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February 08, 2013 - Image 4

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4 -- Friday, February 8, 2013

The Michigan Daily - michigandaily.com

4 - Friday, February 8, 2013 The Michigan Daily - michigandailycom

C 1
4e Michinan:43at"Olm
l

Edited and managed by students at
the University of Michigan since 1890.
420 Maynard St.
Ann Arbor, MI 48109
tothedaily@michigandaily.com
MELANIE KRUVELIS
and ADRIENNE ROBERTS MATT SLOVIN
EDITORIAL PAGE EDITORS MANAGING EDITOR

ANDREW WEINER
EDITOR IN CHIEF

NOTABLE QUOTABLE
If somebody sneezes on a cake, I probably
don't want to eat it either - but if you're
blowing out candles, how many organisms
are transferred to a communal cake, for
goodness' sake?"
- Australian Medical Association President Steve Hambleton said in reponse to a ban of blowing out
candles on birthday cakes in Australia in guidelines set by Australia's National Health and Medical
Research Council, a Sydney newspaper reported.
The FOMOfunk

Unsigned editorials reflect the official position of the Daily's editorial board.
All other signed articles and illustrations represent solely the views of their authors.
Open for debate
Universities should promote forums for controversial issues
n Thursday, two supporters of Palestinian independence
spoke at Brooklyn College in New York. The event, co-
sponsored by student organizations and Brooklyn College's
department of political science, has attracted an array ofcriticism
from pro-Israel groups, Jewish students and the New York City Coun-
cil. Many have called sponsoring the event a "tacit endorsement" -
something they see as unacceptable. These criticisms and threats are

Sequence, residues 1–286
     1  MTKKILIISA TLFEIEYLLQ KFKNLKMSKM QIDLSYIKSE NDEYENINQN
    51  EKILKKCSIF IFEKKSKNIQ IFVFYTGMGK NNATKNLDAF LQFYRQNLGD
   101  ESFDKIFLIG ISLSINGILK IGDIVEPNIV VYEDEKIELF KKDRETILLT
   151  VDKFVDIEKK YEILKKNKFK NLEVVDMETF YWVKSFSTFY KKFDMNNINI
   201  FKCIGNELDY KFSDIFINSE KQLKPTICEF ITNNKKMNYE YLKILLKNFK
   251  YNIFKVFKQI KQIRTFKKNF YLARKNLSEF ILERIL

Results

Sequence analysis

inappropriate; they threaten to stifle debate and therefore hinder the

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promise of academic freedom.
The speakers represented a group that
advocates for boycotts and sanctions against
Israel. Brooklyn College has a significant Jew-
ish student population, and thus the scheduled
speakers have provoked harsh responses. On
Jan.29, the New York City Council sent a letter
to Brooklyn College's president, Karen Gould.
They demanded the event be canceled and
threatening to suspend funding to the school.
Gould replied 'with a letter in support of the
event and invited student groups to bring
groups with differing views to campus.
Brooklyn College has the right to host this
event without any threats. Many of the criti-
cisms levied against it are highly exagger-
ated. For example, Alan Maisel, the New York
state assemblyman representing Brooklyn,
called this a "potential for a second Holo-
caust." This is a gross exaggeration of the
speakers' legitimate views in an academic
debate. This incident is similar to one that
occurred in 1999, when NYC Mayor Rudy
Giuliani threatened to cut funding to muse-
ums because of a controversial exhibit at the